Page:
Saturday, January 19, 2008

Conics Continued

I wanted to start my parabola lesson with paper folding to create a parabola. I'd done it before with other classes, and it went well since it was something different. This year I wanted to add an extra "twist" and experimented on my 3rd period (guinea pig) class .... (we don't LIKE being your guinea pigs).

Previously, they would draw a line on a piece of paper (directrix) and a point (focus) and then start folding the line over to lay on top of the focus many different times, and then the resulting pattern emerges as a parabola. Done. Move on to notes. This year I wanted to actually have them plot some of the points that were on the parabola, so after each fold, they were to use their ruler place it perpendicular to the directrix, through the focus, and make a dot where it intersected the fold.

Oh my goodness. Confusion city. Some kids got it, but lots didn't, so I just moved on and chalked one up to experience. But I think I heard the funniest line so far. One girl who has been struggling with math all year and is not getting the draw-the-dot-on-the-fold directions shrugs and funny-resignedly says, "even paper confuses me in math class".


  1. Anonymous4:53 PM

    i've done the paper-folding before... but the perpendicular line part.... it does work (when done correctly)... right?

  2. Anonymous6:47 PM

    It DOES. And I think it's a cool understandable proof. Since the paper is folded with the directrix over the focus, then any point on the fold is the same length from the focus and that spot on the directrix that's on the focus. You just have to find the spot on the fold that's "perpendicularly" away from the directrix.

    Maybe I can guide them through it better next time.

    Ms. Cookie

  3. Anonymous1:23 PM

    I haven't seen this before (until 5 minutes ago when I came across this blog), but I plan to try it in my next period, since I was going to do the proof of "why are we dividing by 4 to get the focus?" in the same period anyway.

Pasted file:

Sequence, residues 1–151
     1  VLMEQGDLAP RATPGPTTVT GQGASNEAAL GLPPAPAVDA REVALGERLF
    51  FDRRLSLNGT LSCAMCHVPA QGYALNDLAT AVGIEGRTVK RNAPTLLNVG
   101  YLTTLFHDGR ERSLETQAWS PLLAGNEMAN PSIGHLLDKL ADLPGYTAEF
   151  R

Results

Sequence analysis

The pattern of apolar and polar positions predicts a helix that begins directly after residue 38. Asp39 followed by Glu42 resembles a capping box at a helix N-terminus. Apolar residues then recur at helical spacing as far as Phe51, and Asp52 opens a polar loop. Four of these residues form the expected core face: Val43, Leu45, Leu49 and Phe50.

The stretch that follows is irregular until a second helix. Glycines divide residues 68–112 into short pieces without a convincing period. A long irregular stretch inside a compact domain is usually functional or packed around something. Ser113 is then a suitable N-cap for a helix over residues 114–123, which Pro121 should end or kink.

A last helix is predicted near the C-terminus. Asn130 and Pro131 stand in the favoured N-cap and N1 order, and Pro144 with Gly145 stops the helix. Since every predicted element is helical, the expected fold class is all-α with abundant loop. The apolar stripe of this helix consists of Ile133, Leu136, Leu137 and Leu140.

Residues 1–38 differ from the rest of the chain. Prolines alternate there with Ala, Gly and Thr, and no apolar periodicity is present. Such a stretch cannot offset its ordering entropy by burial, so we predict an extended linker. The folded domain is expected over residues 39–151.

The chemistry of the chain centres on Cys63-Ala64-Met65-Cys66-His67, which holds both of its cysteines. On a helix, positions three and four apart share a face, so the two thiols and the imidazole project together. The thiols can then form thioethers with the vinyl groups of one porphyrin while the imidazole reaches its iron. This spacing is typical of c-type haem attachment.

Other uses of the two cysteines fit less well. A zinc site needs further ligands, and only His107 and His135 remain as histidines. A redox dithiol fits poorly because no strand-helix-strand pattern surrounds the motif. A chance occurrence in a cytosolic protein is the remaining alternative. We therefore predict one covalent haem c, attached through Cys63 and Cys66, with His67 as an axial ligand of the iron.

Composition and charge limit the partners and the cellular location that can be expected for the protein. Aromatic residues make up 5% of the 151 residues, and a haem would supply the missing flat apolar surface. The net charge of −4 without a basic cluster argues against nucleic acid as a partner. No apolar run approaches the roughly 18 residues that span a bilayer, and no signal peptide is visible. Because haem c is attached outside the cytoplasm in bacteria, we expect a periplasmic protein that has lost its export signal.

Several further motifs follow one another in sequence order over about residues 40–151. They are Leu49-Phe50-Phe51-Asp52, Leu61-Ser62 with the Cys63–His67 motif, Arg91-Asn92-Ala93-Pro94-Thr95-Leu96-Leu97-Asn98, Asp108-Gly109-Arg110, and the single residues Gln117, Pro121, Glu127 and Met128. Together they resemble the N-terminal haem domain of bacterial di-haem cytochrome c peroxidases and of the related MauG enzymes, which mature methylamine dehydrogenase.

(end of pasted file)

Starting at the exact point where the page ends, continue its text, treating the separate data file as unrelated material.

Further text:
I'm using patty paper. I'll let you know how it goes.

  4. Anonymous3:39 PM

    Done: it worked wonderfully, thank you! I think it helps to have them draw the entire line to the fold, rather than just the dot (tried it with just the dot 6th period, with the line 7th); you still get the parabola picture anyway, just you have all the directrix-to-parabola lines in there (and that makes explaining what happened clearer as well).

    I also ended up doing the Human Ellipse because I noticed that and it was more interesting than the other thing I had planned. And I still had time for the "4p" proof.

    Hence goes my experience using lesson plans off someone's blog I just discovered the period before. Ah, the wonders of the Internet.

    To return the favor, I'm uploading a slide to my blog (see name link) that might help if you're teaching rewriting general second-degree equations. I could use comments too, I'm still a little unhappy with it.

  5. In my college geometry class we did something similar to this but used wax paper. If you press on the paper it draws the lines for you.

    Of course you don't have an axis system or anything without pressing on the paper and then possibly messing up the pattern but for people who have never seen how a parabola is constructed it works well as a visual.

    I don't know if this other approach would be a good "let's see a general one, but wouldn't it be nice to know the equation?" kind of parabola and then do one where you plot points as well.